Yesterday, I sent out a series of tweets trying to encourage students in my department to go to the Job Fair. I think others might find the advice helpful as well.
Two years ago, I wrote about turning 45.
Last year, I didn’t have much to say about turning 46.
But this year, I have thoughts about turning 47.
I have a lot of thoughts.
Today I decided to look through my calendar to refresh my memory from the past year. What I saw was a whole lot of doctor’s appointments.
- Mine—I have a very bad back.
- And my husband’s—he has been diagnosed with rheumatoid arthritis.
This has been a year of “coming to terms.”
I’m coming to terms with the fact that: Continue reading
Tonight, I was going through a bunch of files and found one marked “Sentimentality.” It’s a craft lesson I once used in beginning creative writing classes to talk about cliché, abstract vs. concrete language, and unearned, Hallmark-y emotion.
It’s a one-page sheet. I’d pass this out and read it aloud.
Oh, what a wonderful thing God has created. There can be no other thing in the world that God created that stands for anything more beautiful than the family. Everything else in life–money, friends, houses, cars, school, sports, jobs–can come and go, but the family is always there. God didn’t make it easy for the family, but he made it possible–with hard work and everyone working together, caring for each other and working as one. Yes, God made man, then woman, then said, Be a family. This will be my most beautiful creation.
This family means more to me than life itself.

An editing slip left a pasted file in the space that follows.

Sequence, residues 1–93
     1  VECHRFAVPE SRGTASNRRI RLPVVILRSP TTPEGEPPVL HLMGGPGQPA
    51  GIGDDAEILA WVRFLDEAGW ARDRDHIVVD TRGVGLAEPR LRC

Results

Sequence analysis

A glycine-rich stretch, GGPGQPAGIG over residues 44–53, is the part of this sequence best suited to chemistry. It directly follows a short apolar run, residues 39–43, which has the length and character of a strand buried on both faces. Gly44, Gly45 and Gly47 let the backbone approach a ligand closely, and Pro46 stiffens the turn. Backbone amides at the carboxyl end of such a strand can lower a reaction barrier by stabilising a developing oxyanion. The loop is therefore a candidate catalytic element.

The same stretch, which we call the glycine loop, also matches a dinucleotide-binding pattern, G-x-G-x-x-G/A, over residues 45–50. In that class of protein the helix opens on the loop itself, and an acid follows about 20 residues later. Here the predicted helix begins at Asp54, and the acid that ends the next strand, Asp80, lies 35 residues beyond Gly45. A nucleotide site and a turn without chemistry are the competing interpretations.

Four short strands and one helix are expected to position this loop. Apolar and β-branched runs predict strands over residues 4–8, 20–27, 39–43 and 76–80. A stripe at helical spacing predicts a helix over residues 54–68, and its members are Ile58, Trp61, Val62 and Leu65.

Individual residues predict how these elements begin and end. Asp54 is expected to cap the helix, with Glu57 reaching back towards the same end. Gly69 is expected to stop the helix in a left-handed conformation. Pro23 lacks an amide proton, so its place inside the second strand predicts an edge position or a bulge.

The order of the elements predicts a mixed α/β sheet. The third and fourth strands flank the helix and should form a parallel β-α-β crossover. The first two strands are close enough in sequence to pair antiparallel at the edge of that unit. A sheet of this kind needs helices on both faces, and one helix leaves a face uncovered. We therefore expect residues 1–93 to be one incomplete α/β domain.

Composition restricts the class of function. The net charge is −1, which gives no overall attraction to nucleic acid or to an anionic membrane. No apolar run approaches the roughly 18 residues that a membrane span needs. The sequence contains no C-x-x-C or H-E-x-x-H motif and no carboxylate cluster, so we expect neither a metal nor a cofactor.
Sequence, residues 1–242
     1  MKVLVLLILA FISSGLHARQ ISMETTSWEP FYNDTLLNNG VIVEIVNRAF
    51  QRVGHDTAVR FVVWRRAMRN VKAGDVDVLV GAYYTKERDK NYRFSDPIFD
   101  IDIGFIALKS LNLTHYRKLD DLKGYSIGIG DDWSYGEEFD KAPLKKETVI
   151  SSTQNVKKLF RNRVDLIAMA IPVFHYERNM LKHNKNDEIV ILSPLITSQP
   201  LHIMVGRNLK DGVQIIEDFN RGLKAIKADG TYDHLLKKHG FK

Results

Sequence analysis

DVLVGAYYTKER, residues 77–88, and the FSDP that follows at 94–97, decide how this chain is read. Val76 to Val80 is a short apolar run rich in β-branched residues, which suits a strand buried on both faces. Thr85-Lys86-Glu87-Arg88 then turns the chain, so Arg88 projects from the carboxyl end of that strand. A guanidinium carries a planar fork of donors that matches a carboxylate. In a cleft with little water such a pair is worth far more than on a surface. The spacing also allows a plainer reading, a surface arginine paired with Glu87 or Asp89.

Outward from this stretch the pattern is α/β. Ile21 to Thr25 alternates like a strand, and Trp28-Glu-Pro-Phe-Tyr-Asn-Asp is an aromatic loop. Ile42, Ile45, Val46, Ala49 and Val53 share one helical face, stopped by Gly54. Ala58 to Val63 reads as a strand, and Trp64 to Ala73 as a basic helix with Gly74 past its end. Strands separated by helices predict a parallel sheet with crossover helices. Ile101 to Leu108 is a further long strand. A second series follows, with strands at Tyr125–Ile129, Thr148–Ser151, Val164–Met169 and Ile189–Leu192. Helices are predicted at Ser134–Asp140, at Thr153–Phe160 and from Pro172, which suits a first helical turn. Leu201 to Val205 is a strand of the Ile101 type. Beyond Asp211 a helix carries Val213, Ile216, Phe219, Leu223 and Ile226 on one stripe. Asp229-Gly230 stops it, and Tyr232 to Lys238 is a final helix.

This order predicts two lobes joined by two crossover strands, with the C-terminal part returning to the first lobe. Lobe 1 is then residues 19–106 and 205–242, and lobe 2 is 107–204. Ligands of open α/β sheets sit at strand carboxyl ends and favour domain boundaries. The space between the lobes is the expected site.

Then I’d ask the students to respond. How did these words make you feel?
Some claimed that they were very moving.
Okay. Show me where you find it moving.
That last line. “This family means more to me than life itself.”
Who is saying that?
We don’t know.
Who is “this family” in the last line? Continue reading
This semester, I told my students that once upon a time, Muncie, Indiana was a boom town.
To prove it, I showed them this picture, taken by my Ball State colleague, Lee Florea. He hails from a small town in Kentucky, and this map is still painted on the wall of the local general store. Continue reading
I published my first short story in 1995. Twenty years ago. How can this be?
I was a graduate student at the University of Alabama. I’d been sending out my stories for two years without much luck. Then, over Christmas Break 1994, I went with my mother, a hospice nurse, on a “death call” in suburb of Cincinnati. The experience stuck with me, and when I got back to Tuscaloosa, I tried my hand at writing a “short short story,” or what we might call now “flash fiction.” 742 words. I sent it to Quarterly West. and they accepted it immediately.
When I got the magazine in the mail, I marveled at it for awhile, and then I put it on my shelf. My poet friend Tim kept the journals in which he’d been published in a place of honor on his desk, like a trophy case, and so I did the same.
I also added a line to my very brief curriculum vitae.
“Hospice.” Quarterly West. 41 (Autumn/Winter 1995): 6-7.
A year later, I published a story in The Florida Review about a man raising his daughter alone. Another magazine on the shelf. Another line on the vita.
“Leon’s Daughter.” Florida Review 21:2 (1996): 88-98.
Slowly, I kept adding more journals to that shelf. More lines to the vita.
Out of Print
This summer, I’ll be teaching a one-day intensive fiction workshop at the Midwest Writers Workshop here in Muncie. Here’s the scoop:
Short Story Fellows Workshop